UN Secretary General Kofi Annan called for the Internet and information technology to be used to help build a better life for people in some of the world's poorest countries.
Annan warned the 170 countries and some 23,000 scheduled participants from government and industry at the World Summit on the Information Society (WSIS) that, "for far too many people, the gains remain out of reach".
"There is a tremendous yearning, not for technology per se (in itself), but for what technology can make possible," he told the opening ceremony in Tunis, urging participants to "respond to that thirst".
"This summit must be a summit of solutions" to build "bridges for a better life" in poor countries.
The UN-organised summit in Tunis is being attended by a brace of government leaders, mainly from Africa, but only a few from rich nations.
Host President Zine El Abidine Ben Ali said he hoped the gathering "will mark a truly new beginning for a just, balanced and supportive information society."
The summit was also marked by sharp warnings that freedom of speech was a core component of a modern information society, following incidents involving journalists and campaigners in the Tunisian capital in recent days.
"For myself, it goes without question that here in Tunis, inside these walls and outside, anyone can discuss quite freely," said Swiss President Samuel Schmid, sitting alongside the Tunisian head of state.
"For us it is one of the conditions 'sine qua non' (essential) for the success of the international conference," he added.
Seven Tunisian hunger strikers also made a public appeal to Annan to defend freedom of speech, while Iranian Nobel Peace prize winner Shirin Ebadi called for international monitoring to stop political repression on the Internet.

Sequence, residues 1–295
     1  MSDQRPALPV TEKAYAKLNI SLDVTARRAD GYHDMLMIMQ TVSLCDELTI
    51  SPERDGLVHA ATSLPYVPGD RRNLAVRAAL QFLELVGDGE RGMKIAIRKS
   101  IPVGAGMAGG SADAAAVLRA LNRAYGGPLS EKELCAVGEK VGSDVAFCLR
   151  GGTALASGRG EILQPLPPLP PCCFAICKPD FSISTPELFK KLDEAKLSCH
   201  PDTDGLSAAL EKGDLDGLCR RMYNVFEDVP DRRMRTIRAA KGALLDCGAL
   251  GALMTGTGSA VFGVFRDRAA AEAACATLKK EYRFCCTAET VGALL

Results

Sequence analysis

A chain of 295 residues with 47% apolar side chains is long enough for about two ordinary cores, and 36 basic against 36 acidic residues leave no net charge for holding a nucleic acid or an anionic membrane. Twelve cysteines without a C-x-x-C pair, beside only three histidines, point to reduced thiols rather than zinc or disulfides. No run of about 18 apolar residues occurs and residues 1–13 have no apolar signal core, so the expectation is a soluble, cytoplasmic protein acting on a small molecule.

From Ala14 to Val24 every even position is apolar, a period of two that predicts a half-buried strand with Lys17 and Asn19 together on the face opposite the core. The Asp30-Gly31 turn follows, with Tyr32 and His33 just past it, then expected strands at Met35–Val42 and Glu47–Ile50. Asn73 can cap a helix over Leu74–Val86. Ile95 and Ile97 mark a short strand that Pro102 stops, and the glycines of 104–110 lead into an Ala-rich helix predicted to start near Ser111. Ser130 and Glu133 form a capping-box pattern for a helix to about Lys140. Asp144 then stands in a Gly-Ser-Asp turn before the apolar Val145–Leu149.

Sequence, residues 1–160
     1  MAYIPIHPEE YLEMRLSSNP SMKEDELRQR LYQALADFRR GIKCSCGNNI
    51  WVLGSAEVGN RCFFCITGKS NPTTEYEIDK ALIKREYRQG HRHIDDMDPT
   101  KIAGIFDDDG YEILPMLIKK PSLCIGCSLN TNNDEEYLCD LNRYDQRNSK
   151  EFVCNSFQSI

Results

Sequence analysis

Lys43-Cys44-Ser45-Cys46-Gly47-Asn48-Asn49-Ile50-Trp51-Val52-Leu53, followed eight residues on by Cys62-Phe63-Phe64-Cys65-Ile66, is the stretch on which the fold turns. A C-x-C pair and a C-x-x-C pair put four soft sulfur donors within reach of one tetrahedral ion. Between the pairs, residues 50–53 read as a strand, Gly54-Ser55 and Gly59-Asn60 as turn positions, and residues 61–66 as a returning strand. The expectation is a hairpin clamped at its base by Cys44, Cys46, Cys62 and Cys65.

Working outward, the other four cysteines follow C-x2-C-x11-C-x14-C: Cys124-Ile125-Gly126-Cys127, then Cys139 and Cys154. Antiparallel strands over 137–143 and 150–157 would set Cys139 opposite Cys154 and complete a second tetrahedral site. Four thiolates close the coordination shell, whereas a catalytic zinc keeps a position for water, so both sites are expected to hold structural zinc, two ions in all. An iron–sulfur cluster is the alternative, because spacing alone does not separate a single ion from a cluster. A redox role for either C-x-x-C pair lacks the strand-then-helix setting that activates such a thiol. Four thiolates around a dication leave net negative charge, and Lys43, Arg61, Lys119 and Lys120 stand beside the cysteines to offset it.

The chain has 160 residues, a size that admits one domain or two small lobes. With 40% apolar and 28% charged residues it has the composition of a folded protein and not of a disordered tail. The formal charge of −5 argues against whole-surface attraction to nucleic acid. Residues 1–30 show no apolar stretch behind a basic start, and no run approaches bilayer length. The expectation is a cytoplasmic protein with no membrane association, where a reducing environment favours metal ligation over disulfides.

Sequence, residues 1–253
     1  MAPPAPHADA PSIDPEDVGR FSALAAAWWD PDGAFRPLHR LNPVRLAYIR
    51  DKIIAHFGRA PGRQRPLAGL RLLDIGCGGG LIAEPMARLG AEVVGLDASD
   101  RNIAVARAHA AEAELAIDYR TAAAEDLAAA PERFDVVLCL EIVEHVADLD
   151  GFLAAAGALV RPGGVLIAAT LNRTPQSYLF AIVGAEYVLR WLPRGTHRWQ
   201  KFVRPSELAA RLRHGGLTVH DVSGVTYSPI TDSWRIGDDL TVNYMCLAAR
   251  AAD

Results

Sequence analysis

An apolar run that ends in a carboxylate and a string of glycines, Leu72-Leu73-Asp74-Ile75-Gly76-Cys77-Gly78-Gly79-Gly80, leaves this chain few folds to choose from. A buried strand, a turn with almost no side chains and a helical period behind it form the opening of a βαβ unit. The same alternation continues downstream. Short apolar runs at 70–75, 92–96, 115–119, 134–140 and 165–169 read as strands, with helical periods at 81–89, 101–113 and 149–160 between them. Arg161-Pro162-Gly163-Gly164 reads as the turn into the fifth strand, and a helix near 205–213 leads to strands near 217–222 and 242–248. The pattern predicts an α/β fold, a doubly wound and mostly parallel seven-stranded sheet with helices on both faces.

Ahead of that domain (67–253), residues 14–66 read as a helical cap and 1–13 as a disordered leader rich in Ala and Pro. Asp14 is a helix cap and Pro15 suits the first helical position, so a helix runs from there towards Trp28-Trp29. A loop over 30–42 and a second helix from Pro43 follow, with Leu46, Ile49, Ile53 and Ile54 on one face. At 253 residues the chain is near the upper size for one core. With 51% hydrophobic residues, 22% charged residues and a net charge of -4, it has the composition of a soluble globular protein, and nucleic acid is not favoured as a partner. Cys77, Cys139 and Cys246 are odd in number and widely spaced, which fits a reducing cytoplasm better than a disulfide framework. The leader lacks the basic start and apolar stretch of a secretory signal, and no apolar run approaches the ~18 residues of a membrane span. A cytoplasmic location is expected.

Tunisian authorities have said two suspects are being questioned by an investigating magistrate in connection with the assault Friday on a French journalist. Groups advocating freedom of speech said they had been harassed.
The gathering's ambition to boost economic and social development in poor countries revolves around a pledge under the UN's Millennium Development Goals to connect all the villages of the world to the Internet by 2015.
"It is striking that the 400,000 citizens of Luxembourg have more Internet access than the 800 million residents in Africa," the UN Under Secretary for Communications, Shashi Tharoor, told reporters.
Some 800,000 "villages," mainly in poor nations, still need to be connected in the next decade, according to the UN's International Telecommunication Union (ITU).
The cost of the effort, one billion dollars, represents one percent of the annual global investment in mobile telephone connections.
"The hurdle here is more political than financial," Annan told the summit Wednesday.
"These assets -- these bridges to a better life -- can be made universally affordable and accessible," he added.
Nigerian President Olusegun Obasanjo and Senegalese counterpart Abdoulaye Wade appealed for more backing for a "Digital Solidarity Fund" that has so far garnered 5.5 million euros.
Obasanjo said the global economy was now driven by information technology.
"Unless those that are now excluded from the benefits of the information revolution are brought on board, our efforts to achieve sustainable development as outlined in the Millenium Development Goals, will continue to elude us," he added.
Rich nations believe that developing nations must also develop the business and regulatory environment in their own countries to attract private investment and some existing aid.
"The challenge to the developing world is now to make sure they have the infrastructure, rules, legal processes and the market systems to attract the investment of the technologies that we see on display at the summit," said US Assistant Secretary for Commerce Michael Gallagher.